ATLANTA—The words in the indictment are searing. Bonnie Youn, a respected immigration lawyer, is accused of dishonest actions. The words in the press and on the Internet are searing, too. My first thought was, when did we dispense with “innocent until proven guilty?”
Breitbart picked up the story right away, on April 3: “An amnesty advocate that President Barack Obama’s White House publicly promoted as part of its “Champion of Change” series has been indicted in federal court on charges of fraud.” And “Bonnie M. Youn is touted by Obama’s White House as a recognized Asian American & Pacific Islander (AAPI) community leader.”
She was honored for being like agricultural labor organizer Cesar Chavez. As if that is somehow suspect. As if being an amnesty advocate is fishy. Publicly promoted? Touted? How else would you honor an outstanding, civic-minded person? You would not do that in secret. That would miss the point.
I called the U.S. Attorney Sally Quillian Yates’s office for an interview and got the classic highly courteous but even more highly circumspect federal information officer. They are known as stringent yet polite gatekeepers. The office declined to comment. In writing.
I called Youn’s attorney, Richard Rice. He was out for the day, said his highly courteous assistant.
Meanwhile, I went a-Googling. One title of a certain story caught my interest. “Obama’s Motley ‘Champions of Change'” from Accuracy In Media. It’s the word motley. One can free associate about motley, and get very creative. It suggests multi-colored. Multicultural.
Motley would mean the opposite of the good ole boys like the Georgia legislators who passed Georgia’s boneheaded, mean, stupid, wasteful, knuckle-dragging immigration law.
How boneheaded is it? You might be born here, go back 10 generations, and have a professional license or a driver’s license. You’d have to prove you are a citizen to renew that license. Just in case we had some librarians or barbers or chiropractors or veterinarians or plain vanilla car drivers who snuck across the Rio Grande.
Motley would mean not like the monochromatic, flint-hearted immigration judges in Georgia who have some of the highest rates of denying asylum requests in the country.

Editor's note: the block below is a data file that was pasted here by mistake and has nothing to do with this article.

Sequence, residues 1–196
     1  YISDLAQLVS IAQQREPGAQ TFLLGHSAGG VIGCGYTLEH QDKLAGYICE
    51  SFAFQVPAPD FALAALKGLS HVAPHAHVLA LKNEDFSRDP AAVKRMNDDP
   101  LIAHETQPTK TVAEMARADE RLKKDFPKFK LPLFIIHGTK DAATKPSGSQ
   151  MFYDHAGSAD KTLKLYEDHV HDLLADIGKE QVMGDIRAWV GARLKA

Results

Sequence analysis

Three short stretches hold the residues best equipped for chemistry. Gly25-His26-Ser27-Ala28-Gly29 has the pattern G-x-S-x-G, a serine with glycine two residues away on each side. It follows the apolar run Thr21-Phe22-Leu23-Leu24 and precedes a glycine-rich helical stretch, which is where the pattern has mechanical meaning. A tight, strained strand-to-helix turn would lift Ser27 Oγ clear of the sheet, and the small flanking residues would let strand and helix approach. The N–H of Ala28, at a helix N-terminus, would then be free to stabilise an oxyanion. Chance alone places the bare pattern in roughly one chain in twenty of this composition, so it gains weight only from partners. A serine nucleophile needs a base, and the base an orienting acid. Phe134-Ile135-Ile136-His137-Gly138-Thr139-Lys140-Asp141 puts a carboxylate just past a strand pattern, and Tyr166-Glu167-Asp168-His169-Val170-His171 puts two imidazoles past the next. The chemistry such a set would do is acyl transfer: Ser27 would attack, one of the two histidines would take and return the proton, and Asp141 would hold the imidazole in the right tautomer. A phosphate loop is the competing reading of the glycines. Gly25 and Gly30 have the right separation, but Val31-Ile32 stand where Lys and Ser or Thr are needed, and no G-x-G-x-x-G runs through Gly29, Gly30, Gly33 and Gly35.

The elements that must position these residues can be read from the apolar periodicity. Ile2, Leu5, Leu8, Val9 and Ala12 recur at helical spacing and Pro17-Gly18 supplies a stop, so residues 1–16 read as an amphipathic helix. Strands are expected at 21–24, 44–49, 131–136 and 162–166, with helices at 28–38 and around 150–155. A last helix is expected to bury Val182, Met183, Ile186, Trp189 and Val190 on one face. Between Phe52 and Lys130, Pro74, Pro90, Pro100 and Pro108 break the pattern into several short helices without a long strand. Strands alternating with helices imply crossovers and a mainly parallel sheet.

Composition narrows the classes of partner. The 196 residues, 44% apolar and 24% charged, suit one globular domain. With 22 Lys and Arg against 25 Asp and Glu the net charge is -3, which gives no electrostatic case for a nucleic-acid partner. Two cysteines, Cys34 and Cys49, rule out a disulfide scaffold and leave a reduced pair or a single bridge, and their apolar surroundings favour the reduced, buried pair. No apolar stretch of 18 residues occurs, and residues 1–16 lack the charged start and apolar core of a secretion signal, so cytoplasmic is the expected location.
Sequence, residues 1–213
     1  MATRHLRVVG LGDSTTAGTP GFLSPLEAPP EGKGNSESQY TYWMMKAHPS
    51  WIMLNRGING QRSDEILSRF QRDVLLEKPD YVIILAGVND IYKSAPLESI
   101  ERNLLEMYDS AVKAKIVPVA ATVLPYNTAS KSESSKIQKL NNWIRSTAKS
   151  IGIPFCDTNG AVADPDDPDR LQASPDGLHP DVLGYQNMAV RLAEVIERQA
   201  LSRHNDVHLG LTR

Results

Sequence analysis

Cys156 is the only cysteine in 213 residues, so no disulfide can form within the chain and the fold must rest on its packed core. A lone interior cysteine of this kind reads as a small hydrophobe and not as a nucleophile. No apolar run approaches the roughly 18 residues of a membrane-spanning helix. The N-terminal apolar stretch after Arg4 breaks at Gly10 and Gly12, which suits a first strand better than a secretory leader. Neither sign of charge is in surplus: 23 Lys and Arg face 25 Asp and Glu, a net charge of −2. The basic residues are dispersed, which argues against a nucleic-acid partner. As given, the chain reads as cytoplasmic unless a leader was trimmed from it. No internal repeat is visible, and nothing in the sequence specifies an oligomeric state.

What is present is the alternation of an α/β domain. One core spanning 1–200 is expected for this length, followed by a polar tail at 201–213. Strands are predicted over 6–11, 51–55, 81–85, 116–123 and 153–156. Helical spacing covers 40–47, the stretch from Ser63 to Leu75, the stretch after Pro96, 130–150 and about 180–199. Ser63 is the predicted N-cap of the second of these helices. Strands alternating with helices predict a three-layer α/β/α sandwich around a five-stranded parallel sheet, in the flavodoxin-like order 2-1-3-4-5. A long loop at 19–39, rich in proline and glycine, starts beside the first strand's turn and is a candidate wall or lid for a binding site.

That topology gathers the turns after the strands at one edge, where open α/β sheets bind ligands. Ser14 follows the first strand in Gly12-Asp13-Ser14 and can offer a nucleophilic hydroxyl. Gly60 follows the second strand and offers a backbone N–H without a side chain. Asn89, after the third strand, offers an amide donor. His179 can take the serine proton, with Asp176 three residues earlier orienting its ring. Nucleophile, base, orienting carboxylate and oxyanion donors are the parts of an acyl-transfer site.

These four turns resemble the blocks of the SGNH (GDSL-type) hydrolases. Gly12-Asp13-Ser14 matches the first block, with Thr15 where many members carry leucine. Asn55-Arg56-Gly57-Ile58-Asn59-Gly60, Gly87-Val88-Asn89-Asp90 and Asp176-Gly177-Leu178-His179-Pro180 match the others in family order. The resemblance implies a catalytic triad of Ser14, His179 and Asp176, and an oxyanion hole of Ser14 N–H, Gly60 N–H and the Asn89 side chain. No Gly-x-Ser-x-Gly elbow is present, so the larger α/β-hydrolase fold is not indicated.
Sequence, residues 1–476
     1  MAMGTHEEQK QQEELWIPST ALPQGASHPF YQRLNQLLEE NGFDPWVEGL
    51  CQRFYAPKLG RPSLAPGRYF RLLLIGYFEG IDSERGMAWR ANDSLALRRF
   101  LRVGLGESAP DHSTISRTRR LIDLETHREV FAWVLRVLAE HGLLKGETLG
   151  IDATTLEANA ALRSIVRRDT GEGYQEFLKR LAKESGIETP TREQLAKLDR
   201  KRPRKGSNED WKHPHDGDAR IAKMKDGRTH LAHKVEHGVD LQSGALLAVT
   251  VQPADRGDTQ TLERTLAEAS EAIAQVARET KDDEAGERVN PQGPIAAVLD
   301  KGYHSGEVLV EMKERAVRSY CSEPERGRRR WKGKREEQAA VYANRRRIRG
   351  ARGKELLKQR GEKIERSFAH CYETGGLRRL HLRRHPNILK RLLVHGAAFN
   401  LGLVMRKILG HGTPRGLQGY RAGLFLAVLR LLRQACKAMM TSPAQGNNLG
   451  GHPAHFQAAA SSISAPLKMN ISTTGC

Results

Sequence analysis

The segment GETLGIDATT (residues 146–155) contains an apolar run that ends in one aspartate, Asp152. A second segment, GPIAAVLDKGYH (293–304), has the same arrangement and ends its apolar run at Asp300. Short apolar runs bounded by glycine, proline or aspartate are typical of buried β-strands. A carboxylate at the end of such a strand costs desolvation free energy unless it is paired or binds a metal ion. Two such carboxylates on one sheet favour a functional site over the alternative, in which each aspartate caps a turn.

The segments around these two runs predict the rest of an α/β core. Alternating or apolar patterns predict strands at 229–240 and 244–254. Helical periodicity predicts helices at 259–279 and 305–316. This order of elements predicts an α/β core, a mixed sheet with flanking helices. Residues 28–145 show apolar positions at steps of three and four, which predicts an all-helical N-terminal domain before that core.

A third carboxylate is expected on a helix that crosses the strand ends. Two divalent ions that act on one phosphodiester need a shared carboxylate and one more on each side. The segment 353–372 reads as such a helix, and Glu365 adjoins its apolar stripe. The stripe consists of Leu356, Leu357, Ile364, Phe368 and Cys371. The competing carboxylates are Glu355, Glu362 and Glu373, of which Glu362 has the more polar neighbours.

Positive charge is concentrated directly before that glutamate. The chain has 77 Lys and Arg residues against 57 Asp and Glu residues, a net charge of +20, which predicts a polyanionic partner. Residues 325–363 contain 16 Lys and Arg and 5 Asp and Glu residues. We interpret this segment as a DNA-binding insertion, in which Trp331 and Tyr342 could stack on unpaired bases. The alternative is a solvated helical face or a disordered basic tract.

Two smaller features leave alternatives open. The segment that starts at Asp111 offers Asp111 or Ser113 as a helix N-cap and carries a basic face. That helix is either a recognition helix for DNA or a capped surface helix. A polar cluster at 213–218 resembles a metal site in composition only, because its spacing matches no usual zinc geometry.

I digress, but I digress within a meaningful context. Youn is an advocate for immigration reform in a state with an especially backward and hateful take on immigration. She is an Ivy-league educated woman of Korean descent. I read her as a Democrat, though I don’t know that for sure; I never heard her say that.
Having seen her charisma and her excellent ability to make things happen, I wonder. I wonder if some of our Red State political brothers and sisters are delighted to pile on when they see a potentially electable person face a big bump in a formerly golden career path.
So yeah, when I read the stories my first thought was how they did not seem to presume Youn’s innocence as clearly as they should. Because we are all, always, innocent until proven guilty.
Here is part of what the indictment says: “We expect lawyers to uphold and defend the rule of law, not assist clients in breaking the law, as Ms. Youn is charged in this indictment,” said United States Attorney Sally Quillian Yates. “Specifically, Ms. Youn is charged with obtaining legal status for a client in this country by filing false documents with the United States Government, and encouraging them to lie to federal agents.”
At first, Youn said nothing and referred reporters to her attorney. On Wednesday she released a statement, which says in part: “What I am experiencing cannot compare to the pain of families torn apart, or of those unlawfully detained. I am only made more fully aware than ever that there is injustice and unfairness in the world, and we must resolve to fight it in every way we can, with our every breath. It is the American way.”
It is. Like assuming somebody’s innocence before issuing a guilty verdict.